"People are afraid because they don't know what their rights are, and suddenly there's a new owner and new leases and people can get run over in that process," said Michael Kane, executive director of the National Alliance of HUD Tenants. "That certainly is a common pattern around the country."

Snow said that not every document that tenants like Profit had to sign upon moving were new leases. If tenants moved from a one-bedroom apartment to a two-bedroom, for example, they did have to sign a new lease, but otherwise, they simply had to sign their Section 8 contract so the housing authority could keep accurate records of who lived where and charge the correct rent.

There are sometimes "significant changes" when a private entity assumes ownership of a formerly public program, especially because private entities have a profit incentive, said Deborah Thrope, the deputy director of the National Housing Law Project.

"A lot can change for the tenant, but it really depends on the individual deal and whether the tenants are organized or educated [about their new leases]," she said.

REPAIR NEEDS

In 2016, the Department of Housing and Urban Development estimated that $26 billion was needed to repair and restore the nation's 1.1 million public housing units, with each subsequent year accruing an additional $3.4 billion in unmet capital needs.

North Little Rock had up to $90 million in needed repairs in 2016, Snow said at the time. The agency's buildings dated as far back as 1942, and the $1 million annual allowance from HUD for maintenance and renovations wasn't enough, she said.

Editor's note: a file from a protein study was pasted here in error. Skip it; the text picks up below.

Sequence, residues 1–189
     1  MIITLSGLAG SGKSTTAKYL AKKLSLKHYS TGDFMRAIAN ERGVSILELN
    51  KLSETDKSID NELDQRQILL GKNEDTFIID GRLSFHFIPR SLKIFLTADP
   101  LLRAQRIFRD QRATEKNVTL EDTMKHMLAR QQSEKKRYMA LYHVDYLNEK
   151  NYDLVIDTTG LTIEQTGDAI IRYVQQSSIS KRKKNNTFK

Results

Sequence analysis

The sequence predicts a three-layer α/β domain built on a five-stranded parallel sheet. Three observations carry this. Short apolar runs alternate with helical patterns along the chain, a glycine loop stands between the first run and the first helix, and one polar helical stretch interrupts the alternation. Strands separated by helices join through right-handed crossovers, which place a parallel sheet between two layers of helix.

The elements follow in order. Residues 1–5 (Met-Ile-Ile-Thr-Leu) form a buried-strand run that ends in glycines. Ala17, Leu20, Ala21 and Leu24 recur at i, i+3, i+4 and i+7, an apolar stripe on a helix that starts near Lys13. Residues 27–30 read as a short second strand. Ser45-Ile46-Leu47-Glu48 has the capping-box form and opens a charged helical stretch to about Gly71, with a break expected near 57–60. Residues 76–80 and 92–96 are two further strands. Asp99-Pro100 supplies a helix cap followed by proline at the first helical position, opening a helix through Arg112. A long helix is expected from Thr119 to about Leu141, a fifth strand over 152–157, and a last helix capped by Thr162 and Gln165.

Snow and other public housing directors said the Rental Assistance Demonstration program was the only way to get enough money for the projects. The North Little Rock Housing Authority once tried to focus its renovation efforts on one specific building, Willow House, for an entire fiscal year, but that turned out not to be financially feasible, Snow said.

"It still didn't make a dent in what needed to be done in that development, and when you do that, you minimize the ability to respond when a major issue happens at another development," she said.

BGC Advantage, a Louisiana development company, is the primary owner of six North Little Rock Housing Authority complexes. Gorman and Co. Inc., a Wisconsin development and investment company, owns the Fred W. Parris, Cumberland and Jesse Powell towers in Little Rock.

Both companies hired subcontractors for management and construction work.

The North Little Rock agency converted 315 units in three buildings -- Windemere Hills, Eastgate Terrace and Cedar Gardens at Hickory View -- with more than $69 million, according to documents Snow provided the Arkansas Democrat-Gazette.